Preamble: The great debate over the future of preK-12 education in North Carolina does not take place in an isolated, walled-off arena, but rather in the roiling waters of contemporary American politics. People, events, and situations that may not seem directly relevant have a bearing on education policymaking in states and communities. In today’s America, all politics is not local. Here, then, is an analysis of the Republican Party context; next week, scrutiny of the Democratic Party.
Consider: A rollicking race for the 2016 Republican presidential nomination, with polls showing two unorthodox candidates, Donald Trump and Ben Carson, having the combined support of nearly half of GOP voters. The resignation of U.S. House Speaker John Boehner setting in motion a faction-laden search for a successor.
Consider, too: A contentious process for selecting a president of the University of North Carolina system that saw Republicans legislators clashing with members of the Board of Governors that GOP lawmakers selected. An over-time session of the North Carolina General Assembly that often pitted House Republicans against Senate Republicans.
There is a significant difference, of course, between national Republicans and North Carolina Republicans. In Washington, GOP lawmakers must contend with a Democratic president, and the Republican fractiousness contributes to episodes of stalemate and threats to shut down the federal government. Raleigh, however, is a no-stalemate zone, with Republicans in control of all three branches of state government, and with a veto-proof legislative majority practically shutting out Democrats and at times overriding the Republican governor.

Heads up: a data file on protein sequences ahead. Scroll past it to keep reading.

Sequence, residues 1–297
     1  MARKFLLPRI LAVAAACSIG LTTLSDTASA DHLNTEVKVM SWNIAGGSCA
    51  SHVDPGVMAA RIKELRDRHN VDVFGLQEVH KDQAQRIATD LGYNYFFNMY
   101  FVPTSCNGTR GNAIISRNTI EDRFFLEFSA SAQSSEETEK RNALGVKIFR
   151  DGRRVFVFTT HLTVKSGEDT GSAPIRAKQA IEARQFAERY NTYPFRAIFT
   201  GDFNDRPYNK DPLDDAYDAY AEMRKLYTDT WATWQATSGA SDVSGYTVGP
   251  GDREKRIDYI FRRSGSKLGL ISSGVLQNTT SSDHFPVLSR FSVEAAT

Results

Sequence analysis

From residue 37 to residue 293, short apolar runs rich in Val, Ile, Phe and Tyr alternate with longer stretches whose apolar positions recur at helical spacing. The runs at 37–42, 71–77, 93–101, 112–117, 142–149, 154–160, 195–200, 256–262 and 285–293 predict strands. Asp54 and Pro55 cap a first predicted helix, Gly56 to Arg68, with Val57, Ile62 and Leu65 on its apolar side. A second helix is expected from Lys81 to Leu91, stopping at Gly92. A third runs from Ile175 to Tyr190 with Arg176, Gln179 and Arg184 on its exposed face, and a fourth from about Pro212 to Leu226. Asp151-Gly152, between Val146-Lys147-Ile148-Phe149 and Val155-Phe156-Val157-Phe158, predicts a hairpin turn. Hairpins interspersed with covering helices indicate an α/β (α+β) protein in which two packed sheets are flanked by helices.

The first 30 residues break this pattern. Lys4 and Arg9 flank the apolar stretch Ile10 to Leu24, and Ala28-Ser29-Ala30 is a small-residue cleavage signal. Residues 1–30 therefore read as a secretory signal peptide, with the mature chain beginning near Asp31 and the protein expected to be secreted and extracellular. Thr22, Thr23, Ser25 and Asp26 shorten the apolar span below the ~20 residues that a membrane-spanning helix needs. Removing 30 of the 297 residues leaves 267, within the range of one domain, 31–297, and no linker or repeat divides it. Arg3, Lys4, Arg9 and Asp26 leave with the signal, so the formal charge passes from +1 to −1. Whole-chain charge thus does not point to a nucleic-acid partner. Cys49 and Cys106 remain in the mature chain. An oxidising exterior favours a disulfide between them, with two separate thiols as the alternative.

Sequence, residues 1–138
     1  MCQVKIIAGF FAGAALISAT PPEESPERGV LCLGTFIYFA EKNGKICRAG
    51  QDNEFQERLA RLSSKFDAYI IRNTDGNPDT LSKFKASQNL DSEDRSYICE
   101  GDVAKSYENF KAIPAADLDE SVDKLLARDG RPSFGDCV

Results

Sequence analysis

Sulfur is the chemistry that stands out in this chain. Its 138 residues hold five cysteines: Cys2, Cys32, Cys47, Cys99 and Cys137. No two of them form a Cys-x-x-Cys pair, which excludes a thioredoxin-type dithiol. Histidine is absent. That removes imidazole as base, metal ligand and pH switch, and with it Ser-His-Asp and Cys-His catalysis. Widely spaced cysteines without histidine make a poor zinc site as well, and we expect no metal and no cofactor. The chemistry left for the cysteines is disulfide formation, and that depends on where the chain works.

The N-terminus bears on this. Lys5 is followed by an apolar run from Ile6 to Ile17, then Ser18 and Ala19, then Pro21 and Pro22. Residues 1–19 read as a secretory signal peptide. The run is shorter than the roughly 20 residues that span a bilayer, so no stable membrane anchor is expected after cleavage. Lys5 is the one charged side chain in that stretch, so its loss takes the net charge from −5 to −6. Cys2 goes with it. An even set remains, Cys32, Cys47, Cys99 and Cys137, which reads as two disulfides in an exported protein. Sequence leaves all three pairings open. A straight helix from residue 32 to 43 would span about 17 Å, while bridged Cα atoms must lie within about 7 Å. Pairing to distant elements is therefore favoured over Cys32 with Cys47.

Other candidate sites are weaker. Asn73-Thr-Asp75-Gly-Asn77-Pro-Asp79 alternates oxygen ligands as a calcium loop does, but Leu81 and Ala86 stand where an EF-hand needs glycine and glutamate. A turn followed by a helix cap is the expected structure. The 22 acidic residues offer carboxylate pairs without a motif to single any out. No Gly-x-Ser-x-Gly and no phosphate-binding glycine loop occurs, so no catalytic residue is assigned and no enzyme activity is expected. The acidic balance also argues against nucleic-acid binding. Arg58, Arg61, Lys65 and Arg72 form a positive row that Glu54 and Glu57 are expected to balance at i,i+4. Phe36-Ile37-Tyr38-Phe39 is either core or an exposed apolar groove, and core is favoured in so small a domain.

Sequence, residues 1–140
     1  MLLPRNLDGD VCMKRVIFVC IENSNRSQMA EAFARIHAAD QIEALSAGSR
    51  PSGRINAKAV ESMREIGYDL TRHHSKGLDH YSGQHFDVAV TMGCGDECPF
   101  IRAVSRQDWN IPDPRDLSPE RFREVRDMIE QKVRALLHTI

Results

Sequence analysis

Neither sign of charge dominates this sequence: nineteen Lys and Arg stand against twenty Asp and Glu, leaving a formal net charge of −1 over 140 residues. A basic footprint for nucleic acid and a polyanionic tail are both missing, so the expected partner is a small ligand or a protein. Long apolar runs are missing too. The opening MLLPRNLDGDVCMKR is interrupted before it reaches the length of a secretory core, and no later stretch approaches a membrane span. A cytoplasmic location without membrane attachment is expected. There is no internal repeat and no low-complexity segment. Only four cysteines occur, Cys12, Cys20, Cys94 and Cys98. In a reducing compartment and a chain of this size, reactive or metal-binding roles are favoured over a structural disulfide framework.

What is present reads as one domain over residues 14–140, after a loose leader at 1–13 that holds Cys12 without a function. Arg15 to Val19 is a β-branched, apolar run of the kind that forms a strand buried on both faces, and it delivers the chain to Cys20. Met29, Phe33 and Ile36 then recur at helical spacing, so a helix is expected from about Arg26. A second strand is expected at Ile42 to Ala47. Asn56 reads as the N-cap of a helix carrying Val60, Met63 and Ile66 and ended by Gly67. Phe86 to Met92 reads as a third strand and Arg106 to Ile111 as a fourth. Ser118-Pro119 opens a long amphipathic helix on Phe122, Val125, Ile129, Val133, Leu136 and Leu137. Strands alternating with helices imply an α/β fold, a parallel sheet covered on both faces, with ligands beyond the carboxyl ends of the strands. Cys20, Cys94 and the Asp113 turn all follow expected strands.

The Republican Party that rules in Raleigh, and nearly all of the South, is the product of an evolution in state and national politics over the past 50 years. In North Carolina and the region where the party dominates, the GOP still bears the imprint of the “Southern strategy’’ that emerged in the 1960s.
In the 1968 presidential election, Republican Richard Nixon defeated his Democratic opponent Hubert Humphrey by less than a percentage point in the popular vote, with Alabama Gov. George Wallace, a segregationist running as an anti-Washington independent, winning five states and capturing more than 13 percent of the national vote. Through the “Southern strategy,” an anxious Nixon set out to win over Wallace voters and blue-collar voters generally. Watergate disposed of Nixon, but the strategy came to fruition under Ronald Reagan.
The Reagan coalition, passed on to both presidents named George Bush, consisted of three interlocking parts: white Southerners who switched to the Republican Party as the Democratic Party advocated for civil rights and an aggressive education-health-social services agenda; an energized cohort of conservative Christians; and a robust class of professionals and corporate managers attuned to free-enterprise Republicanism.